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Thursday, August 13, 2015

Review of "The Stranger" by Harlan Coben

 
2 Stars

I have heard of Harlan Coben but never read any of his books, so I finally decided to read his latest.  It was a disappointment.  I don’t know why he is so highly regarded by so many readers.

Adam Price learns from a young stranger that his wife lied to him about something significant a couple of years earlier.  Adam confronts Corinne but before she can give him a complete explanation, she vanishes.  Adam sets out to find her on his own, but soon other secrets about Corinne emerge and eventually the police become involved. 

The opening certainly caught my attention.  The inciting incident (being told a secret kept hidden by a loved one) is interesting, but shortly after that I started rolling my eyes at the improbable events.

Adam is a lawyer and so would have investigative resources at his disposal, but he chooses to go solo.  He does things he would warn a client never to do.  When his wife goes missing, he doesn’t seem to be particularly worried and, though he claims to know her so well, he accepts strange behaviour on her part as natural?  He lacks personality so it was difficult to identify with him.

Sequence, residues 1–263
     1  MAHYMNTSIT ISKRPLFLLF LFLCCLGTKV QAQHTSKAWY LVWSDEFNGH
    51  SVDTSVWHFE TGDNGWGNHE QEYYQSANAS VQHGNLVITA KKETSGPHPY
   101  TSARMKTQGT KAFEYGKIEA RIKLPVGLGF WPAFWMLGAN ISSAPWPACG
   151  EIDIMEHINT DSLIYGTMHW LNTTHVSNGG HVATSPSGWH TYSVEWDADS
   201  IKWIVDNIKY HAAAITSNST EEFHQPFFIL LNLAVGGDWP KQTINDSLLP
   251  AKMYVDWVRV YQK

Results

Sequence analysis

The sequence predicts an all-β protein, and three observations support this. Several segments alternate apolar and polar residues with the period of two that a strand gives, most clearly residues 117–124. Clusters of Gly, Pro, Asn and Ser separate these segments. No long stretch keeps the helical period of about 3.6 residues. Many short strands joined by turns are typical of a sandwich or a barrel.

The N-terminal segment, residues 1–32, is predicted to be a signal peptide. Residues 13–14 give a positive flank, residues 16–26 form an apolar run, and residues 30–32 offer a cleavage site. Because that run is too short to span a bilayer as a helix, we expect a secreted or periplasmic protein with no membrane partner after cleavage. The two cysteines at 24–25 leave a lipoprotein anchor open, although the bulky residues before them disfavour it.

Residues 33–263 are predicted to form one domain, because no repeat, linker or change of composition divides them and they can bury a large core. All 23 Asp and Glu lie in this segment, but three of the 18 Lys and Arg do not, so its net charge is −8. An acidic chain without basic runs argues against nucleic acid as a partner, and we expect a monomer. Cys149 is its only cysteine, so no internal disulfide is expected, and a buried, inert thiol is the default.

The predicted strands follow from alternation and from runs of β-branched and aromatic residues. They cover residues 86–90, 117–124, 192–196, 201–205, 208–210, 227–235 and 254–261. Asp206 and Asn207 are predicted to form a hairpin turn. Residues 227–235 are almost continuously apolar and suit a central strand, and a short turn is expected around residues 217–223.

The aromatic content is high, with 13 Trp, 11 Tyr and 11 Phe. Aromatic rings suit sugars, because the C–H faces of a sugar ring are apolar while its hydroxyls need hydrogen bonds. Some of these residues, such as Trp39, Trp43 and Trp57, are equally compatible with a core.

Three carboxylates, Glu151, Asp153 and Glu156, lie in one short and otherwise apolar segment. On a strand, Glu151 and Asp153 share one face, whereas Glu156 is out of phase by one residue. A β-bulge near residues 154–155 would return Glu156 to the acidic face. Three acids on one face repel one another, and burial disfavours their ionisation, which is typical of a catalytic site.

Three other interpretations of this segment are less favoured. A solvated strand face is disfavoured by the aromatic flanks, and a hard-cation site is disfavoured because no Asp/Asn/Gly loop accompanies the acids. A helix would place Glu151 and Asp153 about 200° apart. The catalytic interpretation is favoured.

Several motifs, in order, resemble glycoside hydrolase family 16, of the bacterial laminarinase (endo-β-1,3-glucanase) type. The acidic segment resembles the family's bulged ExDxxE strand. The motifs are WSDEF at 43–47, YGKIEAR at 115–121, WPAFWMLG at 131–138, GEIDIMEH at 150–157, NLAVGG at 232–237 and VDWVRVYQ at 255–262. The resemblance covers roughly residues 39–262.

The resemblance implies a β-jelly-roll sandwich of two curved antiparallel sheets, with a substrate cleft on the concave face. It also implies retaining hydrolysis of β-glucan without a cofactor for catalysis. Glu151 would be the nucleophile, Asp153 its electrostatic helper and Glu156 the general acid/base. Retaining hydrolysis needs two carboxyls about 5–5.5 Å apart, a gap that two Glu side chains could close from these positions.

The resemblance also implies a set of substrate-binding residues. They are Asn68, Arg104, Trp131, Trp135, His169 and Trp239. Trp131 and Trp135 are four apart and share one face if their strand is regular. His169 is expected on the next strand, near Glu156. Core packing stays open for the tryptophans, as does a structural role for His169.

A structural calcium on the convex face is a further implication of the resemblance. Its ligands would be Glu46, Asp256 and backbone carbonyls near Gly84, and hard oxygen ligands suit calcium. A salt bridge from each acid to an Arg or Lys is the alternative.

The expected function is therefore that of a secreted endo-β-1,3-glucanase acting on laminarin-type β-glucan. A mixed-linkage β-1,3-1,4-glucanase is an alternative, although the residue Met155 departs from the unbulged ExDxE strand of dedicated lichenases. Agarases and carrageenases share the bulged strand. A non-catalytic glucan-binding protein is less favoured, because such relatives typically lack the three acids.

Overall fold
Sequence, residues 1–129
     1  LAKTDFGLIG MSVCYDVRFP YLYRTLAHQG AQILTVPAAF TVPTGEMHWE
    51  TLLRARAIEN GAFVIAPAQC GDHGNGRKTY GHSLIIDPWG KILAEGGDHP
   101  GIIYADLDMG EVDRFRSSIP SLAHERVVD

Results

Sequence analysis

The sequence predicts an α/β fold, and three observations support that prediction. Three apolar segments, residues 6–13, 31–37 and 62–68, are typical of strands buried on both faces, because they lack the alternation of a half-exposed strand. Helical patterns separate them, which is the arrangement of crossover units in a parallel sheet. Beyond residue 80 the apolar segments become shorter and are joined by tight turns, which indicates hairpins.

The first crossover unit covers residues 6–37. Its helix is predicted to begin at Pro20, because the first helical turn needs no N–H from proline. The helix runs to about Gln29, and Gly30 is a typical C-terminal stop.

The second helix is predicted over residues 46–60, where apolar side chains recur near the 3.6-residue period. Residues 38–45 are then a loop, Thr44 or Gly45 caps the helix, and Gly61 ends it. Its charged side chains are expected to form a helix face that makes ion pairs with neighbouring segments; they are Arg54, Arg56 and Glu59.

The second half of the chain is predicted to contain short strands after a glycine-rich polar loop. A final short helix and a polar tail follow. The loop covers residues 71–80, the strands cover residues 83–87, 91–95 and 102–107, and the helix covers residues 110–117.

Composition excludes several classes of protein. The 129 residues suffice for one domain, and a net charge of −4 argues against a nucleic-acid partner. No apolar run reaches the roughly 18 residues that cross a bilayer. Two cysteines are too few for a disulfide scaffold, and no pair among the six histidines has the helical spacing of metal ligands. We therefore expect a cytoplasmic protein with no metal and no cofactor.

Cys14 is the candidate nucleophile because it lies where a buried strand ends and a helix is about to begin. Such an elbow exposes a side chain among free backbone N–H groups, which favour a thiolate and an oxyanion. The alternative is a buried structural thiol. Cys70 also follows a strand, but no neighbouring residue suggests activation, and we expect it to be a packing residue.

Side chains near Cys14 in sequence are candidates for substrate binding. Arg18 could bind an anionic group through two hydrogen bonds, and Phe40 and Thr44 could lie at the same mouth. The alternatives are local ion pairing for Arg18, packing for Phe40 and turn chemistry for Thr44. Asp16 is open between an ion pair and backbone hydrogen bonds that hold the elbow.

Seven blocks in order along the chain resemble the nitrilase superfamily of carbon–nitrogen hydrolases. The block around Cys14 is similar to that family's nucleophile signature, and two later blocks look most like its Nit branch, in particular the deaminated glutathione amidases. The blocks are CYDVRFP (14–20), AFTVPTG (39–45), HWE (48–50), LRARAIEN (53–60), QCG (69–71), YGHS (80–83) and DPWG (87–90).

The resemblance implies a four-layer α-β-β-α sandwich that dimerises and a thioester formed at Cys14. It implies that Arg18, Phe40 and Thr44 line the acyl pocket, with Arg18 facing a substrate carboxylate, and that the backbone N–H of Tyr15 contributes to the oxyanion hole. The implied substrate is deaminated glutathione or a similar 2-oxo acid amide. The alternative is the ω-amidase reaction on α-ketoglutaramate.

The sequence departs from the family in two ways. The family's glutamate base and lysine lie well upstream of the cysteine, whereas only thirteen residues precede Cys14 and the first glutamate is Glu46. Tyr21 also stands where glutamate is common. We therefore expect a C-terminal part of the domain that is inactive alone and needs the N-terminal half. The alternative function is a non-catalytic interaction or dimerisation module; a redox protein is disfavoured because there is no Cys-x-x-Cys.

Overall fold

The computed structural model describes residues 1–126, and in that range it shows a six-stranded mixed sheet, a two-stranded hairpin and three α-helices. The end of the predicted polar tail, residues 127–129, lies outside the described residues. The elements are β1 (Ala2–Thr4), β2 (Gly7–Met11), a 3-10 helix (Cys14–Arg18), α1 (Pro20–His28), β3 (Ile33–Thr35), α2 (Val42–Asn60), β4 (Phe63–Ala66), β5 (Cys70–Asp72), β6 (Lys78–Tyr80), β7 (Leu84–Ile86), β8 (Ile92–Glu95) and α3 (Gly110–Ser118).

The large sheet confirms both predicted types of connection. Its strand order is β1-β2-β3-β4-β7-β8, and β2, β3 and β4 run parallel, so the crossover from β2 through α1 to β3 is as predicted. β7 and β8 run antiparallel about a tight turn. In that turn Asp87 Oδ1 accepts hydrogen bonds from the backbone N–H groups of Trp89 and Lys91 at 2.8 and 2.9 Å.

There are other characterization issues.  Corinne we get to know only through Adam and through accusations made against her, so the ending does not have the impact it should.  Adam and Corinne’s two sons, Ryan and Thomas, don’t behave convincingly:  their mother is missing yet they just carry on as normal.  Then there are so many minor characters, none of whom is really developed, that it is difficult to differentiate among them. 

Then there’s the plot.  I expect plot twists, but there are just too many coincidences.  So many people are simultaneously looking for one person, all for different reasons?  Johanna, a police chief from Ohio, travels to New Jersey “on [her] own dime” to question Adam.  She leaves, but then is back at a crucial moment to assist Adam?  Actually, she charges in more than once!  And the incident at the log cabin in Pennsylvania is just not believable.

Adam may wish he had never met the stranger, and I too am left wishing I had not met The Stranger.  Weak character development and improbable events are not the elements of a good book.